In its Otway Project in south-western Victoria, CO2CRC will inject up to 100,000 tonnes of carbon dioxide into a deep geological formation, and monitor and verify that the carbon dioxide is securely stored (diagram, click to enlarge).
CO2CRC Chief Executive Dr Peter Cook welcomed the approval, saying it represented an important step forward in demonstrating geological sequestration as a technology that could be used safely to make deep cuts in emissions of greenhouse gases to the atmosphere.
However, an Australian parliamentary inquiry into geosequestration [*.pdf] released this month warned that the most substantial risk associated with geosequestration was the leakage of carbon dioxide from storage sites:
"Abrupt or catastrophic leaks of carbon dioxide could have serious consequences to the environment, potentially causing the death of humans and animals"Moreover, it suggests that CO2 storage sites may become potential terrorist targets or that failure of the seal could result in catastrophic release.
"concentration of CO2 greater than 7-10 per cent by volume in the air puts the lives and health of people in the vicinity in immediate danger."Finally, pressure built up by injected CO2 could trigger small seismic events. Other risks identified have to do with 'gradual' leakage, such as contamination of freshwater resources and the gradual degradation of the storage site by the dissolution of minerals by CO2. (On the urgent need for a policy and regulatory framework for CCS, see here).
Carbon-negative bioenergy safest
Some of these risks can be sidestepped when storing carbon dioxide from bioenergy, simply because the spatial logic of selecting sites is entirely different in so-called 'Bio-energy with carbon storage' (BECS) projects. BECS results in the production of radically carbon-negative fuels. It allows sequestration sites to be selected independently of the location of the upstream or the downstream. Bioenergy projects can be brought to the safest, remotest sites, far away from populations and therefor also tap sites that would not be commercially feasible for fossil fuel based projects. This much more flexible site selection logic allows for a great reduction of the risks of seismic events or the destruction of life in case of catastrophic leakage.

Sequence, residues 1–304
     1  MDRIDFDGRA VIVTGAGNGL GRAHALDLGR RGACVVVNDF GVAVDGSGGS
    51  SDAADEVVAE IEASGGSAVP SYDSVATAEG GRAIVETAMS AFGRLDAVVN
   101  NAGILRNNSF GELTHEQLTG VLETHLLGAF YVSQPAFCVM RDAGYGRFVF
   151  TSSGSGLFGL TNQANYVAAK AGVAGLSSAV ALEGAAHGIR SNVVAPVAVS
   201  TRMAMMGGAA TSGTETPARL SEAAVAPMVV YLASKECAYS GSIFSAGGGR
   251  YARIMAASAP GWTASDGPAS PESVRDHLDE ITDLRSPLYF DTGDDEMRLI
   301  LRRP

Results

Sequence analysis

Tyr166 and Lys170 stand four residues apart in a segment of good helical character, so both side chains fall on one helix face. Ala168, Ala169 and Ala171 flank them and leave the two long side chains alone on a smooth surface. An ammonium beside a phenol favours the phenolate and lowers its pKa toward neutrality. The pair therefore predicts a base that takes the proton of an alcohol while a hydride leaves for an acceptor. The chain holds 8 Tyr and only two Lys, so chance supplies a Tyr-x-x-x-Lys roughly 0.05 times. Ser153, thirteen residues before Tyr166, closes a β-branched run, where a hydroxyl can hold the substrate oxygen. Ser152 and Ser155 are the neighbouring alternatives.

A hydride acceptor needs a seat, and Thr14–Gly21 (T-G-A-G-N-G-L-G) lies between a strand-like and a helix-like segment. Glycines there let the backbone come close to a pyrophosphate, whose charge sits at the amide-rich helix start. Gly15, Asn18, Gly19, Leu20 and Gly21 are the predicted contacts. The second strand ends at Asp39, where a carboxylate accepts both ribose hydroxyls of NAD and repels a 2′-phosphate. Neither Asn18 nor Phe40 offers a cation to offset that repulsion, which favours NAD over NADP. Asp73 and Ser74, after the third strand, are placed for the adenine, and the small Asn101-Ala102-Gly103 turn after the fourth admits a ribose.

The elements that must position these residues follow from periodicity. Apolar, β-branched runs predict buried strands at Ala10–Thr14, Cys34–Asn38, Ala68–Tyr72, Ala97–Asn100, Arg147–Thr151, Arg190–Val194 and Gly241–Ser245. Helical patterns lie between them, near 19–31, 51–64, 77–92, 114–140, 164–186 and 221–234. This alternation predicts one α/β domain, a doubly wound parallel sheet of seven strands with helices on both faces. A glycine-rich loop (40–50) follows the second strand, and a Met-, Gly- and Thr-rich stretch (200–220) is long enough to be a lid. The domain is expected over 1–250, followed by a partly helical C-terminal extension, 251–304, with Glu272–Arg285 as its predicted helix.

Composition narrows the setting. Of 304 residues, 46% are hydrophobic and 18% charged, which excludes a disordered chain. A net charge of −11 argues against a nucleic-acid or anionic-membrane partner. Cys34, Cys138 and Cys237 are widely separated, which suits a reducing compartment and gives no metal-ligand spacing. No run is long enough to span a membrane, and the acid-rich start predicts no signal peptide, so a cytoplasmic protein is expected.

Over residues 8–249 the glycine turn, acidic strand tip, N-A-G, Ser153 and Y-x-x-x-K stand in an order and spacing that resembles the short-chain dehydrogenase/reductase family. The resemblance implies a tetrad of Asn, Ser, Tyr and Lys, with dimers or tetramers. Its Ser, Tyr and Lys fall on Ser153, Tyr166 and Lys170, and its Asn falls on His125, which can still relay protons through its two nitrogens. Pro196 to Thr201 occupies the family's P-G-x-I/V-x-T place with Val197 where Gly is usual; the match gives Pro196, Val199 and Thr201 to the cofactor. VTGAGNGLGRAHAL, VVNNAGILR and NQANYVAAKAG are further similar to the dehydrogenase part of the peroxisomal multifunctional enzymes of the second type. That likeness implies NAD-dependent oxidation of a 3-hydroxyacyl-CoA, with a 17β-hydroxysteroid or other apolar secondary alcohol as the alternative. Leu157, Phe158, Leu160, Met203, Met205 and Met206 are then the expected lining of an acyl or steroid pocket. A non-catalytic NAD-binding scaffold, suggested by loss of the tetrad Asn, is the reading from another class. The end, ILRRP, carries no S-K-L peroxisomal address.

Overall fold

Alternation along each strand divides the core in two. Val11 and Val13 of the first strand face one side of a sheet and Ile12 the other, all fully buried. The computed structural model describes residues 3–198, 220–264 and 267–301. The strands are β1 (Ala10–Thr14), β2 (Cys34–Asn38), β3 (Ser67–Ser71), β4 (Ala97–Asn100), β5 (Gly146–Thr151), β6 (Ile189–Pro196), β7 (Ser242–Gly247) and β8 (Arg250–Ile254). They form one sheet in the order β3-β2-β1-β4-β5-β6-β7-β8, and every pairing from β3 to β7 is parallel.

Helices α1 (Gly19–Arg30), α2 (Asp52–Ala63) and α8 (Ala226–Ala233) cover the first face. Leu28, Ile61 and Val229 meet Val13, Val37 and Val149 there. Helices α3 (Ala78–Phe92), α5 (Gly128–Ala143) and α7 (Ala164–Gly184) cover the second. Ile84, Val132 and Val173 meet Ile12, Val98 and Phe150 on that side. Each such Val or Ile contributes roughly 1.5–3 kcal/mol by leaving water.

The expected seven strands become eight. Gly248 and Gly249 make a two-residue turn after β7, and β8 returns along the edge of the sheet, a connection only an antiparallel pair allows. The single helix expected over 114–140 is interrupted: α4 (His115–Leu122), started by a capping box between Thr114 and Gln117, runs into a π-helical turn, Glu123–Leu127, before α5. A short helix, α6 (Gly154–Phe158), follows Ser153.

Most importantly, by utilizing BECS, leakage of CO2 would add no net CO2 to the atmosphere, because the carbon dioxide is derived from carbon-neutral biomass. For these reasons, the Biopact thinks CCS applied to bioenergy is the safest option to implement the technology (more here and here). Researchers have found that, being the only carbon-negative energy concept, BECS-systems implemented on a large scale can take us back to pre-industrial atmospheric CO2 levels by mid-century.
In any case, even though CCS developments will be driven by the fossil fuels industry, they are important for the bioenergy community which expects them to be applied to biofuels sooner or later.
The project embarked on by CO2CRC to monitor the environment around the injection and storage site and verify the secure storage of the carbon dioxide in a depleted gas reservoir is the most extensive undertaken anywhere in the world, and includes monitoring of the atmosphere, groundwater and subsurface:
energy :: sustainability :: climate change :: carbon dioxide :: biomass :: bioenergy :: biofuels :: biogas :: carbon capture and storage :: geosequestration :: bioenergy with carbon storage :: Australia ::
CO2CRC anticipates beginning the injection of carbon dioxide at the Otway Project late this year.
EPA Victoria Executive Director Bruce Dawson said the approval required CO2CRC to meet a range of environmental requirements and report on the testing to see whether carbon dioxide would leak into the soil or air.
"EPA believes that this trial is an important part of testing and evaluating the suitability of carbon storage," Mr Dawson said.
CO2CRC collaborates with leading international and national geosequestration experts to conduct worldclass research into CO2 geosequestration. Organisations supporting the CO2CRC include CSIRO, Geoscience Australia and the Universities of Adelaide, Curtin, Melbourne, Monash and NSW; the Alberta Research Council in Canada and the US Lawrence Berkeley National Laboratory.
CO2CRC industry and state core partners are ACARP, Anglo American, BHP Billiton, BP, Chevron, ConocoPhillips, NSW Department of Primary Industries, NZ Resource Consortium, Rio Tinto, Schlumberger, Shell, Foundation for Research Science and Technology (NZ), Solid Energy, Stanwell, the Victorian Department of Primary Industries, Woodside and Xstrata. CO2CRC is supported through the Australian Government’s CRC Programme.
Image: pilot geosequestration project in south-western Victoria. Credit: CO2CRC.
CO2CRC: EPA approval for CO2CRC Otway Project - August 22, 2007.
Australia, House Standing Committee on Science and Innovation, Inquiry into Geosequestration Technology: Between a Rock and a Hard Place the science of geosequestration - August 13, 2007.
Biopact: Pre-combustion CO2 capture from biogas - the way forward? - March 31, 2007
Biopact: Policy and regulatory framework crucial for CCS success - July 29, 2007
Euractiv: 'Carbon-capture trials safest way forward', Laurens Rademakers, Biopact - April 3, 2007.